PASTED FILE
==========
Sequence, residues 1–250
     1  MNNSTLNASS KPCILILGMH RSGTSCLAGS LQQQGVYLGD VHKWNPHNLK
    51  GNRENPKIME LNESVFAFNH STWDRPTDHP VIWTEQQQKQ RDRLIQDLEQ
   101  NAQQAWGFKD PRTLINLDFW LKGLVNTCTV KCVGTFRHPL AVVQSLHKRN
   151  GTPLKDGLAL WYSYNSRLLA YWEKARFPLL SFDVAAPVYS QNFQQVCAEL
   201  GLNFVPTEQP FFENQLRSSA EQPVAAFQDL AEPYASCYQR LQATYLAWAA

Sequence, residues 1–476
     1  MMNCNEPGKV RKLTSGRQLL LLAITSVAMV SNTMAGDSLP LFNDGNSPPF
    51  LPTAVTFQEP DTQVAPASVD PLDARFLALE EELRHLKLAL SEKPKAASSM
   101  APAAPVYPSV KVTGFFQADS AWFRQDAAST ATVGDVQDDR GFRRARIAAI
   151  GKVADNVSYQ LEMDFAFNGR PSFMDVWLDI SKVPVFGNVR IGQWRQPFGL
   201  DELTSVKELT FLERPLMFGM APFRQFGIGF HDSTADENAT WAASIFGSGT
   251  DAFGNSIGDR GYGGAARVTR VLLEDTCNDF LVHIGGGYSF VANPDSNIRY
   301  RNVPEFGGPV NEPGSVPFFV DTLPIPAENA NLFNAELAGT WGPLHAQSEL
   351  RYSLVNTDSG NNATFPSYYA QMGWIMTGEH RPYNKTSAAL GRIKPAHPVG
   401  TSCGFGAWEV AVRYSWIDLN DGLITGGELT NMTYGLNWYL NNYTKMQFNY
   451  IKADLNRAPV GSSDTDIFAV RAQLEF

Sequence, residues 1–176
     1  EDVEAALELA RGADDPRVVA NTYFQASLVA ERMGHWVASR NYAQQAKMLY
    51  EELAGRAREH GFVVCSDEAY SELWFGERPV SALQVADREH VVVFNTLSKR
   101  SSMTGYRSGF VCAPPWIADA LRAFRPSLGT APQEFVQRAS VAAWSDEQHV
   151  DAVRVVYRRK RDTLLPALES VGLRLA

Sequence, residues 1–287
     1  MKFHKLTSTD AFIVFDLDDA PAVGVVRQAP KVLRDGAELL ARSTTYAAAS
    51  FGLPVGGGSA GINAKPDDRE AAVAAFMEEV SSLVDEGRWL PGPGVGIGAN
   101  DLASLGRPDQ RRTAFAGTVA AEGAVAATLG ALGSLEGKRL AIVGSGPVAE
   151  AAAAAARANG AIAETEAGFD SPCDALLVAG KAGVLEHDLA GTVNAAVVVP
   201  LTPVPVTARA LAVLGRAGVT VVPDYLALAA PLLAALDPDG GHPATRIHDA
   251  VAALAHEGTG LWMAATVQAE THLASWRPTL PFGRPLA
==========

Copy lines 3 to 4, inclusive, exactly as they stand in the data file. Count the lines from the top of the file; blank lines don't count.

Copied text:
    51  GNRENPKIME LNESVFAFNH STWDRPTDHP VIWTEQQQKQ RDRLIQDLEQ
   101  NAQQAWGFKD PRTLINLDFW LKGLVNTCTV KCVGTFRHPL AVVQSLHKRN